Wednesday, November 20, 2013

Support Your Small Nonprofit's Social Media Supporters


NaNoWriMo provides a lot of support to those idiotic brave enough to try to write a 50,000 word novel in one month. You can get writing buddies, there are sprints, meet-ups, pep-talks, virtual get-togethers, and writing advice on all topics. And naturally, there's the goal-oriented support of helping you track the number of words you get done, including a graph that shows your improvement.

When your small nonprofit asks your supporters for help with a campaign or with information or with passing information along, how do you support their efforts?
Note: if you aren't asking your supporters for help, then what exactly are you using social media for besides broadcasting how nifty you are?
I'm starting to see a lot of articles/posts on the subject of companies abandoning ROI (Return on Investment) when dealing with social media, opting instead for measuring engagement. Without engagement, could your campaigns possibly succeed? Without engagement, would you have volunteers, be able to raise funds, or recruit new board members?

In social media, engagement is how you live and die. It's swell to have followers and likes, but without conversation and sharing to keep things moving along and growing, you are getting nowhere with blinding electronical speed.

As Brian Solis points out in his latest post, "people aren't seeking marketing copy, they're seeking the experiences of others to help humanize information and apply it to their state of mind, needs, and aspirations. Let that sink in because I'll wager it's not where a majority of your investments are allocated right now." 

But, as a small nonprofit, you invest in people and their needs daily - shouldn't you be a leg up on the businesses Brian is talking about? Here are a couple of ideas about how to support your social media supporters.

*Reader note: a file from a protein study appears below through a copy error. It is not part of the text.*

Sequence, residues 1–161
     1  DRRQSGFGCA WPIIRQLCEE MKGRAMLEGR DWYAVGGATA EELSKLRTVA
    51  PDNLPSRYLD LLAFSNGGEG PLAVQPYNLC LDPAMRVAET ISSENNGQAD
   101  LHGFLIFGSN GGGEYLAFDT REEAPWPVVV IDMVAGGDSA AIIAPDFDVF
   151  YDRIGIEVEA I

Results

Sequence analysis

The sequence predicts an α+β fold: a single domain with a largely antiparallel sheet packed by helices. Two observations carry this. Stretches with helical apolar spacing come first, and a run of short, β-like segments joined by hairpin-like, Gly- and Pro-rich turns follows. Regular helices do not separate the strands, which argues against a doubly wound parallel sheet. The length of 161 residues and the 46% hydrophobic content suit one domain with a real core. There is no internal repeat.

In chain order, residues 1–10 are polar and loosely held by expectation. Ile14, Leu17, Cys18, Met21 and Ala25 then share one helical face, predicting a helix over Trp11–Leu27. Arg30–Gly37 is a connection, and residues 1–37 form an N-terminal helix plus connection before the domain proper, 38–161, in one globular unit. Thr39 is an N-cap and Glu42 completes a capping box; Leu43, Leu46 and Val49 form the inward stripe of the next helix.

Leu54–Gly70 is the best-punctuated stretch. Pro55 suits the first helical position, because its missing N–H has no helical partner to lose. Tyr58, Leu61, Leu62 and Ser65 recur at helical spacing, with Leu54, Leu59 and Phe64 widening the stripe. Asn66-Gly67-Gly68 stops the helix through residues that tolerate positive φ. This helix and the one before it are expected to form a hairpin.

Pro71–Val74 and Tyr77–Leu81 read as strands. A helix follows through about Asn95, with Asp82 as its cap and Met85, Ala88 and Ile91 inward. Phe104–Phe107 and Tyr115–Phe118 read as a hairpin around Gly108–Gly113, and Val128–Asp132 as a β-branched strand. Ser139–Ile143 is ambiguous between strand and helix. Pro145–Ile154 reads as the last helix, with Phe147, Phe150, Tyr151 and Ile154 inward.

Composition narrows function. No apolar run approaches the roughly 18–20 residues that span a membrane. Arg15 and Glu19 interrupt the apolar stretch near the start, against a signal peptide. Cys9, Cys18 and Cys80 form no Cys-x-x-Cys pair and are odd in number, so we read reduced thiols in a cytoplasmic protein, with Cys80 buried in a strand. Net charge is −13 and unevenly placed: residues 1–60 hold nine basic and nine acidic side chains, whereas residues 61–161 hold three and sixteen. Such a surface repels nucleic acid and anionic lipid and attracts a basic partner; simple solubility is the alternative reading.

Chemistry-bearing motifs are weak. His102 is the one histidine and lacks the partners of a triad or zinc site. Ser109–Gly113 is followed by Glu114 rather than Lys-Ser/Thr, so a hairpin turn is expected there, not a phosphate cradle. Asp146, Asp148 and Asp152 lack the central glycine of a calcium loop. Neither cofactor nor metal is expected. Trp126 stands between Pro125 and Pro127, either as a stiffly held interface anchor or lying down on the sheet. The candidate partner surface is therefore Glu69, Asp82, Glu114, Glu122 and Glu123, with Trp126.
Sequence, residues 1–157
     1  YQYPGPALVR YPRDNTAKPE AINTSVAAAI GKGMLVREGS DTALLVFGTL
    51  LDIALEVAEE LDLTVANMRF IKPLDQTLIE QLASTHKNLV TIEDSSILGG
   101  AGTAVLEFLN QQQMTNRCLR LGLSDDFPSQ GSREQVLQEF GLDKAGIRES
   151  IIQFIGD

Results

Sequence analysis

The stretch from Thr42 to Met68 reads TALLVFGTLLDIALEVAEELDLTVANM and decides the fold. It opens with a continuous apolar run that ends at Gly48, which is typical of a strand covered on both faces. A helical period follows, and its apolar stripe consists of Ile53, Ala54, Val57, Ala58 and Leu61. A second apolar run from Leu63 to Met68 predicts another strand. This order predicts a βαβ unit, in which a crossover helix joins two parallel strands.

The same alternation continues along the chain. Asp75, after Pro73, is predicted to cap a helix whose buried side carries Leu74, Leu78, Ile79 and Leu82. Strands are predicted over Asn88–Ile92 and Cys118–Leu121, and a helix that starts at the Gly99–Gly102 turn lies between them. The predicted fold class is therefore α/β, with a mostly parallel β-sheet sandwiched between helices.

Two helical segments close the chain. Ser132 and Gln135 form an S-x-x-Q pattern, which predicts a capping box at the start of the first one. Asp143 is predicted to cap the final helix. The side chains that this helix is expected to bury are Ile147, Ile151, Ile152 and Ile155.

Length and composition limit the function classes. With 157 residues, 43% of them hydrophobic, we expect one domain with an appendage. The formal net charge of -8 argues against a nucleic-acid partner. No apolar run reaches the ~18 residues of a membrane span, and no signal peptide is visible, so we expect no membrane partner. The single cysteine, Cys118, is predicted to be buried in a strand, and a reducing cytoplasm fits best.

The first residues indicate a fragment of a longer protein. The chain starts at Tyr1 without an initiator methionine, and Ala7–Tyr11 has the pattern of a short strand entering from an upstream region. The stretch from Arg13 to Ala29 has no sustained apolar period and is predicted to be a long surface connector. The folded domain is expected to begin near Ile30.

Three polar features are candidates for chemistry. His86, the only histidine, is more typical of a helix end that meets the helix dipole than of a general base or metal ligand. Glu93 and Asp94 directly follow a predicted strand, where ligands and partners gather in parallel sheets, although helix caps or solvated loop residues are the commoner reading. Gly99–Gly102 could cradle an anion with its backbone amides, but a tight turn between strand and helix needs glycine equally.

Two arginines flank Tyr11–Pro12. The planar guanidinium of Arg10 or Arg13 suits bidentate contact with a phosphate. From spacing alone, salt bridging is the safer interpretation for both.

Talk Less About the Mission and Work to Bring the Mission to Life

Don't focus just on your nonprofit, the staff, the E.D., the board or even the hundreds you help. Narrow the focus to one person being helped, one volunteer and why she's doing the work, one board member and why he got involved. Widen the context by sharing news and ideas that don't have a direct tie to the nonprofit but highlight someone or something that's doing good. Being caring or observing about the things we have in common can be uplifting. Become known for sharing good news and you'll be surprised how often people will turn to you, forward your news, endorse you, embrace you.

Strive to Be Creative

It's easy and takes little time to say, 'We served 10,000 meals this month. Please RT.' Fine, but where's the creativity? Find a different perspective instead of choosing the obvious - see things from Dr. McCoy's point of view rather than Spock or Kirk's. Make it fun as well as philanthropic for people to share your news. 'Tess had 2 BIG helpings of beans and they made her dance' and include a pic or video (like the one at the top that's gone viral). Who wouldn't want to share that?

The whole point of social media is to share. You should ask your supporters to share your news. But you can support those efforts better with better content. Make what you're saying worth sharing and you won't have to ask.

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